oo2generics...

Discussion in 'C++' started by Paul Stevens, Sep 22, 2004.

  1. Paul Stevens

    Paul Stevens Guest

    Hi

    This may be an extremely silly and stupid question, but I would like to be
    able to transform my existing software, developed traditionally with c++ and
    object-oriented design (classes, inheritance, virtuals, etc...), to a modern
    C++ design using generics, i.e. a template-centric design.

    Is there a prescription for how to do such a transformation? Has such an
    exercise been described in an article or tutorial before? I can imagine a
    pattern language is waiting to be uncovered. Wake me up if I'm just
    dreaming...

    Paul Stevens

    PS. I know you could advice me to "go get the books by Alexandrescu, Sutter,
    Vandevoorde&Josuttis, Austern, Meyers, etc - then go meditate over them"
    but, if possible, I'd much rather like to get concrete tips and advice on
    how to make the transformation.
    Paul Stevens, Sep 22, 2004
    #1
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  2. Paul Stevens

    Phlip Guest

    Paul Stevens wrote:

    > This may be an extremely silly and stupid question, but I would like to be
    > able to transform my existing software, developed traditionally with c++

    and
    > object-oriented design (classes, inheritance, virtuals, etc...), to a

    modern
    > C++ design using generics, i.e. a template-centric design.


    Why?

    If you answer, I will ask "Why?" again, at least 4 more times. Be prepared
    to answer in detail - if your code already works don't increase risk by
    screwing with it.

    > Is there a prescription for how to do such a transformation?


    Yes, it's called "refactoring".

    > Has such an
    > exercise been described in an article or tutorial before? I can imagine a
    > pattern language is waiting to be uncovered. Wake me up if I'm just
    > dreaming...


    Read the book /Refactoring/. It uses Java, because that is such a
    technically superior language (wink wink), and it does not show "refactor to
    template".

    What it says over and over again is to write dozens of unit tests,
    preferably before writing the tested code. Then make <10 edits towards a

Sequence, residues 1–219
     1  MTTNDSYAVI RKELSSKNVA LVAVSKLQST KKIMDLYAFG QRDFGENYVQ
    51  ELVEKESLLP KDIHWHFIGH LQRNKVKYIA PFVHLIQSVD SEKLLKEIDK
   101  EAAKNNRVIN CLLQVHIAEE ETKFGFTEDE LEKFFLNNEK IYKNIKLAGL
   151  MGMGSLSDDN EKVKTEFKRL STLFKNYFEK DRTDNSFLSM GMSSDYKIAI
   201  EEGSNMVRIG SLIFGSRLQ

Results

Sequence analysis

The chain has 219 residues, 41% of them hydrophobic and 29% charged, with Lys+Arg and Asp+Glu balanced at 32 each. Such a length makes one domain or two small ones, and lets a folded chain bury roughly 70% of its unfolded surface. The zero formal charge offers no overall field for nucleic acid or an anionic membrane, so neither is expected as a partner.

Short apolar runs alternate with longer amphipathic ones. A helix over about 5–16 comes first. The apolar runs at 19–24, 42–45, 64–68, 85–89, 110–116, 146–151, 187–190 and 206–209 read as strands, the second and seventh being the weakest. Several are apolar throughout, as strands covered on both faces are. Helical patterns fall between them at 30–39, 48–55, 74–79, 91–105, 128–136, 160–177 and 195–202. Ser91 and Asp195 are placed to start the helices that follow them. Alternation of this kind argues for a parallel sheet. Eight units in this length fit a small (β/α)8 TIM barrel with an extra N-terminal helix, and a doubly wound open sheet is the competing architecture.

refactor, run all the tests, and make them pass. If they fail, tap <Undo>
    until the tests pass, and try again. Folks using these techniques, among
    others, report an order of magnitude fewer defects. (That's still not an
    excuse to bust up working code.)

    In your case, I would look at the existing code, write a unit test for it,
    then write a test for a new version that uses a template, then write a
    little new code to make that test pass, then refactor it to clean up its
    design, then repeat until all behavior migrates into the new code.

    If I had a reason to do this.

    --
    Phlip
    http://industrialxp.org/community/bin/view/Main/TestFirstUserInterfaces
    Phlip, Sep 22, 2004
    #2
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  3. Paul Stevens

    Paul Stevens Guest

    "Phlip" <> wrote:
    > Why?
    >


    Why? You do not need to care ;-)

    > Yes, it's called "refactoring".
    >


    Unfortunatly, that book only covers refactoring issues when shifting from
    procuderual programming to OO. It does not cover the shift moving from OO to
    generic programming. That is not so strange since Generics in Java did not
    at that time.

    > It uses Java, because that is such a technically
    > superior language (wink wink),
    >


    Oh, is that so... Sigh. But I'll admit that Fowler's Refactoring book is a
    very good read!

    PaulS
    Paul Stevens, Sep 22, 2004
    #3
  4. Paul Stevens

    Pete Becker Guest

    Paul Stevens wrote:
    >
    > "Phlip" <> wrote:
    > > Why?
    > >

    >
    > Why? You do not need to care ;-)
    >


    On the contrary: the answer to "how" depends strongly on the answer to
    "why". If you don't know where you're going it doesn't matter how you
    get there.

    --

    Pete Becker
    Dinkumware, Ltd. (http://www.dinkumware.com)
    Pete Becker, Sep 22, 2004
    #4
  5. Paul Stevens

    Phlip Guest

    Paul Stevens <> wrote:

    Hey! Microsoft is cool these days!

    > Phlip wrote:


    > > Why?


    > Why? You do not need to care ;-)


    Generics are a compile-time hack to accomplish what dynamically typed
    systems, like Python, Ruby, or Smalltalk, accomplish by making classes
    objects. C++ can't put that conceptual burden into its compiler, so instead
    it provides elaborate and relatively typesafe macros, called templates.

    In Ruby, to achieve Construction Encapsulation, you can pass the name of a
    class to a method, and it will call new to create an object. In C++, this
    requires the Prototype Pattern.

    If the answer to "Why?" is I feel like noodling around, then noodle, and
    blog your results. However, if you have a business reason, then generics
    will not automatically give you a smaller footprint, shorter compiles,
    faster executables, or more comprehensible code.

    Try www.boost.org, to see if you can import any of their smart pointers and
    such...

    --
    Phlip
    http://industrialxp.org/community/bin/view/Main/TestFirstUserInterfaces
    Phlip, Sep 22, 2004
    #5
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